Shout, shout and shout some more!


Sorry about the long delay in writing a post, I have been very busy getting my exciting new “Made in America” website ready to go live.  That event should occur within the next month.  But while I wait to shout about that event, I thought I would shout about some great news on the Made in America front I have discovered of late.

Way to go Mercedes!

I was glad to hear that Mercedes Benz has recently made a huge commitment to manufacture its very cool Sprinter Vans in North Charleston, South Carolina; a tricked out Sprinter turned into the ultimate urban transport vehicle is pictured above.  1300 members of our extended American family in South Carolina will soon be picking up a paycheck as a result of Mercedes commitment.  As they say in German, that is “ausgezeichnet.”  Or as Mr. Burns would say, “Excellent!”

Shinola continues to grow

I wrote about Shinola a while back.  Well, they have been selling a lot more watches as the word about the firm has grown.  The Chicago Tribune recently wrote a great piece on Shinola that explored a lot of interesting issues the firm’s success poses:  What does it mean to be “made in America?”, the role of storytelling in Shinola’s success, and just how far Americans are willing to go to support products made by members of our extended American family.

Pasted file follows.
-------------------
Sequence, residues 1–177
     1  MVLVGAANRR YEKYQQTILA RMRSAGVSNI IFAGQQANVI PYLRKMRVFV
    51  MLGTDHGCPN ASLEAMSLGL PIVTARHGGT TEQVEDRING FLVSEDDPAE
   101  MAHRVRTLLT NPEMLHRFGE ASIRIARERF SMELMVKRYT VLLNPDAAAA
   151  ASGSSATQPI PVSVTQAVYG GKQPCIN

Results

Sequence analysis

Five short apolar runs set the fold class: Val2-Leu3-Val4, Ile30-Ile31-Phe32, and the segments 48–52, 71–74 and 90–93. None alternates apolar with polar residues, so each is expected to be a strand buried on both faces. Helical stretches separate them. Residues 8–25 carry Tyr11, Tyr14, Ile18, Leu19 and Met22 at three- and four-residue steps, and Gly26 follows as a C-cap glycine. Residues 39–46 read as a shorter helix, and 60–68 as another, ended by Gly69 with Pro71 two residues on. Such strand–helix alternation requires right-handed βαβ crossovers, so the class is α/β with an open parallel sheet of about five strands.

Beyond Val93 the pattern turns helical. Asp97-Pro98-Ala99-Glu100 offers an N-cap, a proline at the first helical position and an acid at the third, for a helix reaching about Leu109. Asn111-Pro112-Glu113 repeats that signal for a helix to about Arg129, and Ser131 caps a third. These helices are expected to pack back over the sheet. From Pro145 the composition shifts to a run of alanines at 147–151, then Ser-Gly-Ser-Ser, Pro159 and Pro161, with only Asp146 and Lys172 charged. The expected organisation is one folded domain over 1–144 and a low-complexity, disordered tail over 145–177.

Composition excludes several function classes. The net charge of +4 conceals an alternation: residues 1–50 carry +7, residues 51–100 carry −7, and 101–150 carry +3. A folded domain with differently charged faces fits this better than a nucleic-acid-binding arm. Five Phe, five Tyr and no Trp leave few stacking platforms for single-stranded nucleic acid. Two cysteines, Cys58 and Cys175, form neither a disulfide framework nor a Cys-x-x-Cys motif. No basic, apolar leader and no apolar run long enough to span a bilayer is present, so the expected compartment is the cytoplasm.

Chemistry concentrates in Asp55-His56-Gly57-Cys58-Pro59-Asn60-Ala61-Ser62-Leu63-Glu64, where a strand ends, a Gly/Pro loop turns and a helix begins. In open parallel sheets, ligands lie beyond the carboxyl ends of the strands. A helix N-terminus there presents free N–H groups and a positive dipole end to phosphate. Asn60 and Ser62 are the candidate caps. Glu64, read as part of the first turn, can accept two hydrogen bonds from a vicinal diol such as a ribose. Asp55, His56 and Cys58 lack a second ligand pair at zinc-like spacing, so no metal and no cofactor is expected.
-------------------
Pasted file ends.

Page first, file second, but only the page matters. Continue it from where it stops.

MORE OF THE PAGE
Required Reading

While I have not yet read Dan DiMicco’s bookAmerican Made, I plan to soon.  You just gotta love the subtitle, Why Making Things Will Return Us To Greatness.  From 2000 to 2013, Mr. DiMicco was the CEO of Nucor, an amazing steel company that in its 42 years in the steel business has always paid a dividend and has never laid off an employee.  Since 1975, the Nucor annual report has listed the names of every Nucor employee.  Lots of company perks such as Nucor’s Profit Sharing program and the Nucor employee stock purchase plan are not available to Nucor’s officers but only to lower-level employees. There is a Nucor plant in my hometown of Seattle.

If more “American companies” that manufacture all their products abroad and then import them into America for sale started acting like Nucor, we could put legions of Americans back to work.  And that my friends, would be a very pleasant state of affairs.

 

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About tapirking

I live in Seattle and love telling stories about Americans, the places where they work and the things that they make.
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